Seven Reasons You’re Over Budget at Your Sites

Decrease costs by paying attention to these seven things.

Accurate, real-time financial data is the lifeblood of every business, especially for industries with tight margins like janitorial and security contractors. If you’re in a service industry and you’re not monitoring profitability at the site level, you could still be losing money even if most of your sites are profitable. If you’re not continually evaluating budgets at your sites, your bottom line is going to suffer. On the other hand, if you use job costing and budgeting tools, you have a better gauge on your company’s fiscal health and can better manage your profitability and cash flow. To help you get started, here are seven things you can fix to help you get back in budget.

1. You’re paying your employees too much.

No, we’re not saying you should immediately slash your employees’ salaries. But, did you account for things like shift rates and wage creep when you built your budget? Cost of living increases can derail your budget if you’re not careful. And, if unemployment stays low, you’ll have to pay more to get — and keep — good employees. Another aspect to evaluate is how often do you have supervisors filling in for employees when they miss a shift? If you’re continually paying your higher priced employees to do an entry-level position, your budget doesn’t stand a chance.

2. You’re paying too much overtime.

Overtime for hourly employees is the number one profit-killer for a service-oriented business, particularly for industries with thin margins and distributed workforces like janitorial and security contractors. For security contractors, you should evaluate your scheduling practices for guards to ensure you’re not embedding overtime and you’re stopping the issues before they start. Our Overtime Quick Guide has some additional tips to help you rein in this metric.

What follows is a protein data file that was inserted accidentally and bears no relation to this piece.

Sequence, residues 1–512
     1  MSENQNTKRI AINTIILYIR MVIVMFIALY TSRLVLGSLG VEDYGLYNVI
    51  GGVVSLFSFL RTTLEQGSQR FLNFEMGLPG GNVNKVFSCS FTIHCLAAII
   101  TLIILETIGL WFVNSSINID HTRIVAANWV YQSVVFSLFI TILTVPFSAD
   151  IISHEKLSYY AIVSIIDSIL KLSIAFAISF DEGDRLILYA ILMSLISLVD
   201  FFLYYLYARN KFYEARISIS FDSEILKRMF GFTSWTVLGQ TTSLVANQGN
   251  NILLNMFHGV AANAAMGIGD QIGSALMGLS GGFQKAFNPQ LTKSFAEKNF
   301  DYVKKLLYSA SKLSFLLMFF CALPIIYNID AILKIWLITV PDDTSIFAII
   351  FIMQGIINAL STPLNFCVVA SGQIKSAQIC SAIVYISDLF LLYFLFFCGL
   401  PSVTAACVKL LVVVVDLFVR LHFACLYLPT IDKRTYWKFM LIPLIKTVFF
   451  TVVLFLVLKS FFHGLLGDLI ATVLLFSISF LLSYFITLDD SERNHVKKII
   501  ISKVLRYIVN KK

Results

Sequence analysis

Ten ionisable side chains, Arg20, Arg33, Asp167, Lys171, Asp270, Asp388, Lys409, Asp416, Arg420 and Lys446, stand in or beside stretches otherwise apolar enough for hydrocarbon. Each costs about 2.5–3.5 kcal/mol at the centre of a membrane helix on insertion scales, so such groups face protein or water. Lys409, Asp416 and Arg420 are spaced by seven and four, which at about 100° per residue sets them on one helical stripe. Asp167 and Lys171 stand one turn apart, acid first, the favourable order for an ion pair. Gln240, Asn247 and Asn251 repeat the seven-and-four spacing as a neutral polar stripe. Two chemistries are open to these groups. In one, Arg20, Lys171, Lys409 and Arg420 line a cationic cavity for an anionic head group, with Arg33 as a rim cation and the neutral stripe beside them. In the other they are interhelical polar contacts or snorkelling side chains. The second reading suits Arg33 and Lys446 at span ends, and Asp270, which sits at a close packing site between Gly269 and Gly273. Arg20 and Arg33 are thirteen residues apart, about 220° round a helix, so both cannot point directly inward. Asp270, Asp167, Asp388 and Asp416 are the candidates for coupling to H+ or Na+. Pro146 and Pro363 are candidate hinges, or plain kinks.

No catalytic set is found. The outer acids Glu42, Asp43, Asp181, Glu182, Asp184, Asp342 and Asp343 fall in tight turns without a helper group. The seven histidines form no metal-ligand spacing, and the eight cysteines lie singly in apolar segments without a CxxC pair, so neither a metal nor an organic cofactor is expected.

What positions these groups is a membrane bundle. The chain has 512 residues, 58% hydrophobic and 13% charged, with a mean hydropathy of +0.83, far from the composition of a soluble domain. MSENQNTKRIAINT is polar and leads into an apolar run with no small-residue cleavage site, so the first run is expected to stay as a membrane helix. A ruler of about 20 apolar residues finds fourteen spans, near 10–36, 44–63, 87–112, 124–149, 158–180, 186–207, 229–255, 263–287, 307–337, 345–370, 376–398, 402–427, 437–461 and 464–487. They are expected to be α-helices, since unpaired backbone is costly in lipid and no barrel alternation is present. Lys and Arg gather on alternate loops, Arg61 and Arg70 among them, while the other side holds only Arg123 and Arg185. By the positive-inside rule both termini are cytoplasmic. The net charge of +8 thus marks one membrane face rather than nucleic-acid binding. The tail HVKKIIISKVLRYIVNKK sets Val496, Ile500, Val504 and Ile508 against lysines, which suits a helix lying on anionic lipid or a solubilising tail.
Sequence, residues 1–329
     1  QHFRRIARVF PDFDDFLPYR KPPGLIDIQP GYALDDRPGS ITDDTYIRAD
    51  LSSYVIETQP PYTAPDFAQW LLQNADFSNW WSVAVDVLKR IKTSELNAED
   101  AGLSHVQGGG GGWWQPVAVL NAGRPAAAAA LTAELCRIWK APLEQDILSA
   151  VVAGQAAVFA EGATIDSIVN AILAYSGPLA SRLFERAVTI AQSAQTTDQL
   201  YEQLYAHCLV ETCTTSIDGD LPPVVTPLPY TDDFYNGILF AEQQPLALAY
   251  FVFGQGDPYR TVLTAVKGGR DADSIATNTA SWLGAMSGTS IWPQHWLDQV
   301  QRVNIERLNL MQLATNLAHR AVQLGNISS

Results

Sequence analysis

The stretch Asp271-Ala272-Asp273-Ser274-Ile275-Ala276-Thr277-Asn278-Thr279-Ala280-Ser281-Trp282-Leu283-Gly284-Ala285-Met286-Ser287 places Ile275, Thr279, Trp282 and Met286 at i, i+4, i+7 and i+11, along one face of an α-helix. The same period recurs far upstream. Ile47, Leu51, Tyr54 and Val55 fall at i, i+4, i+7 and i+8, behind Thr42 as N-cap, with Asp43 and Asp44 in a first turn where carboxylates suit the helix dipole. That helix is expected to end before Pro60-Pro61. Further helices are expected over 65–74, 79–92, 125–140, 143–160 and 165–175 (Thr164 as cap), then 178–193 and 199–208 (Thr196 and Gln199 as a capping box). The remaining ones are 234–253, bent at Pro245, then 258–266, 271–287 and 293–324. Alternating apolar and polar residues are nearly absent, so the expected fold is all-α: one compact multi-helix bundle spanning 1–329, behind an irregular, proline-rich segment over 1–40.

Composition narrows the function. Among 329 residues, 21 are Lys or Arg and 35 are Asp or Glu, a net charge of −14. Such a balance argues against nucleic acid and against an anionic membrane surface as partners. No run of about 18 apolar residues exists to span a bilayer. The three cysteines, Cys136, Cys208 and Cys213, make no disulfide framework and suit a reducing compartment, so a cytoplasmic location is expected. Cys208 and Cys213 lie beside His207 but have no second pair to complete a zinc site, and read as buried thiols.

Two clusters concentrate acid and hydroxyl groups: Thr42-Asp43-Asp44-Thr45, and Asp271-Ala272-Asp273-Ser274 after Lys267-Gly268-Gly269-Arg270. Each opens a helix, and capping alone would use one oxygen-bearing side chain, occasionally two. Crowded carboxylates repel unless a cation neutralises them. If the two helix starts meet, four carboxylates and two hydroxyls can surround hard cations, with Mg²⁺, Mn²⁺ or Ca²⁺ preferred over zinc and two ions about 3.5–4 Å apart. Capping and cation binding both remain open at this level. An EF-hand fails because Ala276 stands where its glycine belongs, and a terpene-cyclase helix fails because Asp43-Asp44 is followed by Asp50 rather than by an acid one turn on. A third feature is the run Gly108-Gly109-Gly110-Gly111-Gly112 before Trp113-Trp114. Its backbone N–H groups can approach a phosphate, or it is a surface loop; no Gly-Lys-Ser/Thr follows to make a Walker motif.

If you’re paying a significant amount of overtime week after week, you need to evaluate your headcount because you may not have enough people to cover all shifts. It might also be time to reconsider your recruiting and hiring practices to ensure you have enough staff to fulfill your contracts and keep your customers happy. If you’re struggling to retain your best employees, check out our Retention eBook for tips to improve your retention — and your bottom line.

3. You bid the job inaccurately.

Let’s face it, we all make mistakes. And sometimes, those mistakes can be costly. Bidding a job inaccurately from the start is going to cost you and drive down your profitability until you take the time to correct it. Did you bid the job at a break-even point and expect to make it up on additional work, but that additional work never happened? Did you take seasonal needs into account? Did you miss any square footage? Make sure you’re bidding every job in a way that’s going to positively impact your business and your bottom line. Maybe that means you won’t win every contract, but if you need to bid it at a loss, it might not be a contract you want to win.

4. Your supervisors may be poor managers.

Site managers are critical to your success. They’re entrusted to deliver on your contracts, keep your customers happy and monitor key metrics to keep your sites in budget. If your supervisors aren’t doing their jobs correctly, your budget is going to reflect that. Your supervisors need to be regularly evaluating employee performance, overtime, attendance and other issues that impact your budget and your profitability.